Conserving, preserving water


All water shown in this picture was consumed.

Normally when I write about water I talk about how we need to make sure we stay hydrated as part of being healthy.
Today’s post is about our responsibility as residents and citizens to protect this precious resource.
I grew up in the desert. So I’ve been mindful my whole life about water waste.
And I just left a state that is in now a drought (California).
Whether we live in the desert, a drought-dried state or in Oregon or Washington state we should be mindful of our water usage.
A friend on Facebook posted the other day that EBMUD (East Bay Municipal Utility District) “says you need to use no more than 35 gallons of water per day per person in your house.”
Curt and I got our water/trash/sewer bill the other day and it made me start thinking about our water usage.
According to the EBMUD website, a Stage 4 critical drought has been declared and a community-wide goal has been set to reduce water use 20% compared to 2013.
The EBMUD website lists mandatory restrictions and other information on how to reduce water usage. And as my friend stated, it also asks that customers strive for 35 gallons per person per day indoors.
We all know how big one gallon is, right?
According to ConserveH2O, more than 45% of water use in the average American home occurs in the bathroom, with nearly 27% being used by toilets. … Toilet water use can vary significantly.  Older toilets can use 3.5, 5, or even up to 7 gallons of water with every flush.  Federal plumbing standards now specify that new toilets can only use up to 1.6 gallons per flush.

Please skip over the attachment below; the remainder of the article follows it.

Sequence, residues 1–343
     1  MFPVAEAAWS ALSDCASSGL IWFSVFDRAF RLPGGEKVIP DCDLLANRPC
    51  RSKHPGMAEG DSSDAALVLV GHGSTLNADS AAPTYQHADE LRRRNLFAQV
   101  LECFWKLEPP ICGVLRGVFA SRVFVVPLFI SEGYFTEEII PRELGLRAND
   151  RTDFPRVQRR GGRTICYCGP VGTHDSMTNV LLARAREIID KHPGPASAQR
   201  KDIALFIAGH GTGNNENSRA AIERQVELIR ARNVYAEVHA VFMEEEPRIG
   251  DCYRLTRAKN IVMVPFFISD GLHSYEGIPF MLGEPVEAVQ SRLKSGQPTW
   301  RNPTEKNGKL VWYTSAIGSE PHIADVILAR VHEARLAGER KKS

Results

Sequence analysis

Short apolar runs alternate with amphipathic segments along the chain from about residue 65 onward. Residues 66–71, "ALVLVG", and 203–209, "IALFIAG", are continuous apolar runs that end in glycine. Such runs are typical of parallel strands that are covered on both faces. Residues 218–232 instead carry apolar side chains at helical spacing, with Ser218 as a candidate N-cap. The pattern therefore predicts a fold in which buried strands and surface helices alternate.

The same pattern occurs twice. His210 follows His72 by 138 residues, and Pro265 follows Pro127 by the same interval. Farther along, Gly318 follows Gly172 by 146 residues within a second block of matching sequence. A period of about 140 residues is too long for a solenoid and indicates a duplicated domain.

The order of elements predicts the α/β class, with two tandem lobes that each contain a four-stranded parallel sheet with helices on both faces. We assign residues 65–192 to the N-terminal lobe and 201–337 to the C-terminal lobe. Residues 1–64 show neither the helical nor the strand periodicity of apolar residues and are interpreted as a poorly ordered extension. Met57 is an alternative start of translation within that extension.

According to Home Water Works, in an average home, showers are typically the third largest water use after toilets and clothes washers. The average American shower uses 17.2 gallons and lasts for 8.2 minutes at average flow rate of 2.1 gallons per minute.
The average dishwasher uses 6 gallons of water per cycle; the average Energy Star-rated dishwasher uses 4 gallons per cycle, according to Tree Hugger. Home Water Works says an older model dishwasher will use approximately 10 to 15 gallons of water per load.
I looked at our water usage for the month of March. I took into account the time we were out of town. We roughly used 42 gallons a day per person.
When we were still in Oakland we were mindful of the impending drought and looked for ways to reduce water usage, such as putting a brick in our (older) toilet tank, cutting back on watering our garden and the front area of our home, not using our dishwasher (which was old and a pain to use, but the water waste in that thing was insane).
I am not sure how we would have reduced anymore.
Water is precious and shouldn’t be taken for granted.
What are you doing to preserve it?